Young Engineers Unite

 

 

This week our school held the 9th DLSU-Osaka University Academic Research Workshop and Symposium.  Engineering students from De La Salle University in Manila and Osaka University in Japan showcased and shared their researches in hopes to foster strong academe relationship and in advancing the research developments of each school.  I was fortunate to have my master’s thesis included in the list of presentations.  Below are some thoughts from the workshop.

The longer, the better

I presented my thesis entitled “On The Hardware Implementation Of Hard-decision-based Bit-flipping Algorithms For Low-density Parity-check Codes”.  If you think that was too long for a title, well, get a load of these research titles:  Baseline Sediment Oxygen Demand Measurement at Selected Stations in Pasig River Using a Bench-scale Benthic Respirometer;  A Java-based Finite-Difference Time Domain (FDTD) code in Designing Photonic Crystal Fiber (PCF) Waveguide for Terahertz (THz) Radiation Delivery;  Design and Development of a Standalone Potentio-Galvanostat for Electrochemical Deposition and its Application in the Fabrication of BSCCO Films;  A phenomenological Ginzburg-Landau model of the pressure dependence of the critical parameters in high-temperature superconductors.  How about that?

A long title would sound intimigating and complicated.  You might think that a short title can make things simplier and easily understood.  Well, try these short research titles:  A Family of Cusped Cubic Bézier Curves;  On the Bandwidth of Tower Graphs Tm,2 and Tm,3; A Generalization of T-Groups.  Do they sound simple now?

No wonder people will easily have an impression of engineers being nerds and geeks.

A Measure of Reliability

Part of every research is showing how effective or reliable your results are.  This will be a measure if your research is something that is successful and useful as you intend it to be.  One of the presentation was a research designed for doctors.  It saves X-ray images in a database for archiving.  However, once the x-ray images were converted to digital format using digital cameras, some details may be missed out especially on the shades of white of the x-ray image.  As a result, during the test of the system, 2 of the 3 doctors made the wrong interpretation on 2 of 46 stored x-ray images.  But they pointed out that there is 44/46 success rate or ~96%.

I mentioned that the 96% might not be acceptable and needs more data to secure its credibility.  Since we are dealing with people’s lives, we have to design systems that are close to perfection.  In a 99.9999% acccurate system, the 0.0001 imperfection can decide the life and death of the patient.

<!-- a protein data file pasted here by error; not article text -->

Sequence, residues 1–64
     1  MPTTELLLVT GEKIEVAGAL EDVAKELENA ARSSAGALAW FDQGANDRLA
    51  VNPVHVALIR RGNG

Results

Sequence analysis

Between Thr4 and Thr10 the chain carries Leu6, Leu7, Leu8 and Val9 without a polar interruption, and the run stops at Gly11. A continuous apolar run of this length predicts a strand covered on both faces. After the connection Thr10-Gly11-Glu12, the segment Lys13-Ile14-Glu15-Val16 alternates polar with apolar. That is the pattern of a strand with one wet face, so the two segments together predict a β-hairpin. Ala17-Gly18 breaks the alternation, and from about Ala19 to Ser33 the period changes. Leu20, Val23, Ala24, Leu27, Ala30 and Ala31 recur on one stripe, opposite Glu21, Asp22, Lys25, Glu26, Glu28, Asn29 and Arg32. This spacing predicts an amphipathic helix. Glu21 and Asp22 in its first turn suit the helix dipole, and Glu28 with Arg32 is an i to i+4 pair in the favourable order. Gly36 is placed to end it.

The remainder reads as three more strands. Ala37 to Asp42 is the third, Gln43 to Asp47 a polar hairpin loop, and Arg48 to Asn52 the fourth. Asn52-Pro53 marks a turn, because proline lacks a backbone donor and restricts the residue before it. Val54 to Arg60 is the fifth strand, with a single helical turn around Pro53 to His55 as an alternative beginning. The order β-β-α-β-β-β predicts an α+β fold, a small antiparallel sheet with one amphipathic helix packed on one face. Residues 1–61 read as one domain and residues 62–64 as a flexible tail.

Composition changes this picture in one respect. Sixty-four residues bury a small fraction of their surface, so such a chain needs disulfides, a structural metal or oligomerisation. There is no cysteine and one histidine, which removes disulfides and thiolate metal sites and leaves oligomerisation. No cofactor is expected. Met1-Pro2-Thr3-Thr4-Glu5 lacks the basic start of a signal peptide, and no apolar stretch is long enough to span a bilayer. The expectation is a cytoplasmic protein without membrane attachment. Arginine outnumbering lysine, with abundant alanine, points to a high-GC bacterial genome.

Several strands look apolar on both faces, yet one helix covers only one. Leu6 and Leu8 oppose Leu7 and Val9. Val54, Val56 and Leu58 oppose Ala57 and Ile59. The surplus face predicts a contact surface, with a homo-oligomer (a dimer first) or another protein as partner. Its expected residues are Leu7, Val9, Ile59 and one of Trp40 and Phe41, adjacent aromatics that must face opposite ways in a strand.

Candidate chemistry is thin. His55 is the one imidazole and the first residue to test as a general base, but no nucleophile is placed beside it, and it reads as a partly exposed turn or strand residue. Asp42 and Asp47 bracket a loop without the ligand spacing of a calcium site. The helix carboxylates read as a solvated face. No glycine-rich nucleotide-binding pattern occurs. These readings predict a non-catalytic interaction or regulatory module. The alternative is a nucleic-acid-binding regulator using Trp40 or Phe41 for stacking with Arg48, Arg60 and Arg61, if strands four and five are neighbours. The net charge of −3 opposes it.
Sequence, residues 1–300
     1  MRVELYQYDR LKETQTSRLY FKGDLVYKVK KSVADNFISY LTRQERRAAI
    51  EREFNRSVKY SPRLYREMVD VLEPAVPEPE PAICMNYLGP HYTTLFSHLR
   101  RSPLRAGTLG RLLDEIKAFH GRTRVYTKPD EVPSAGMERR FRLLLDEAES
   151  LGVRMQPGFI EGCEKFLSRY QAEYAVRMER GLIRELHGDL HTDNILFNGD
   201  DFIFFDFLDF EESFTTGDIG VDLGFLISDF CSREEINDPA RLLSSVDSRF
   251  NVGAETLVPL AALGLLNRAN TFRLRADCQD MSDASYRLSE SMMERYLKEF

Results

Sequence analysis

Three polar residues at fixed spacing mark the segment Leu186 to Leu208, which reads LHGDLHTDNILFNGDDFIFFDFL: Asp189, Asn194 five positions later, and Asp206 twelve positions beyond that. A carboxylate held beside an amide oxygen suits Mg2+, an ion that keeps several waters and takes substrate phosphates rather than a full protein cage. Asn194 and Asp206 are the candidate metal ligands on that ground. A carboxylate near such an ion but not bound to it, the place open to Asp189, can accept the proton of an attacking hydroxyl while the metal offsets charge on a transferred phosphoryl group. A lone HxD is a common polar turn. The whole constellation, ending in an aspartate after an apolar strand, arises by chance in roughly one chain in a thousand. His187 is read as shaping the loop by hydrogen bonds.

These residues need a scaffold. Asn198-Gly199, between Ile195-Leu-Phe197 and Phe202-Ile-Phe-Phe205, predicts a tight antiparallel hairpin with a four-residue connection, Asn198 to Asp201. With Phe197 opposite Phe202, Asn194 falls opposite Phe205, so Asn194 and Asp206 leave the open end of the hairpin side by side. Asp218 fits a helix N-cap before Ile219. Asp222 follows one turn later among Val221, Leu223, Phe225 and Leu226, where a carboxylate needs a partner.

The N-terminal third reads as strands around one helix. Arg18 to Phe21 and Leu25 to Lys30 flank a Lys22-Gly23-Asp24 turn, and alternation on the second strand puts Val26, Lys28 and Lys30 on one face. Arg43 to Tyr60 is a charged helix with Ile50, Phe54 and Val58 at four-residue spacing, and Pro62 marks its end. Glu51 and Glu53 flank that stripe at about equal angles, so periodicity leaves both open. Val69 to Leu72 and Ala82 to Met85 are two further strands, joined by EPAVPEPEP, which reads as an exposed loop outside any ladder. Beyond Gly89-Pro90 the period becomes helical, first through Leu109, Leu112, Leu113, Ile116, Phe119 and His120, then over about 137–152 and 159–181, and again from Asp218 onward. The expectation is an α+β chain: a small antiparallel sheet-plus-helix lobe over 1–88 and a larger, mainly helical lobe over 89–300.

On the ligher side, the 96% is not that bad at all, at least for engineers.  It’s the doctors who interpret them.  Thus, if they made a wrong diagnosis because of a poorly designed system, the patients gets back at the doctors by filing a malpractice case while the engineers never gets the blame.  Life is never fair.

Makings of a Genius

One research paper caught my attention.  while I never got to attend the presentation, the title itself was enough to make me say “Wow, why haven’t I thought of this?”  His research was entitled “Detecting nudity in pictures”.  This is a very good study since its applications are definitely important when implemented.  It can automatically filter out inappropiate pictures in the internet.  This will be helpful for parents and institutions that are concerned on the welfare of children surfing unmoderatedly in the internet.  What a genuis!

While it sounds to be easy, the math and science behind its implementation must be very complicated.  Imagine all the variations when it comes to nudity:  color, body parts, exposure, size, positions and a lot more.  How will he put it all in the system so that the computer can easily detect that the picture is an inappropiate hot blonde amatuer showing off her front assets and not an innocent new born baby that is topless?  Both are showing nudity but we know which one is to be filtered.

I want to volunteer to evaluate his research.  When it comes to nudity, I am an expert.  what I mean is, I can still think objectively when science, math and nudity are rolled into one.  Take the number 69 for example.  See what I mean?

 

 

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3 Responses to “Young Engineers Unite”

  1. gbert says:

    brilliant jin… coz not a word is familiar to me in those reasearch titles but the last one… haha

    Im really inrested to attend the presentation. I wonder if there will be samples or demo. I would love to see those.

  2. intsik says:

    hahahahahahaaha letme tell,my dear engineer friend, that as for numerical coefficients of nudity, there is 69 AND WELCOME 88! Ill 8 yours, and you’ll 8 mine! hahahahaha

    amazing studies bro. i hope yours will soar (although it is given, gavan!).hehehehe

    Bag-o na a. Gaga ka. Pang General Patronage ni tani nga post pro.

  3. elizabeth says:

    jin, amo ka man ya gihapon no? ang seryoso, nadungangan guid sang la-in la-in? :), nice integration of technicalities and humor though. good luck to your research.

    Gina kadlaw ko lang ang libog ko a. Pero syempre naga enjoy man ko ubra thesis.

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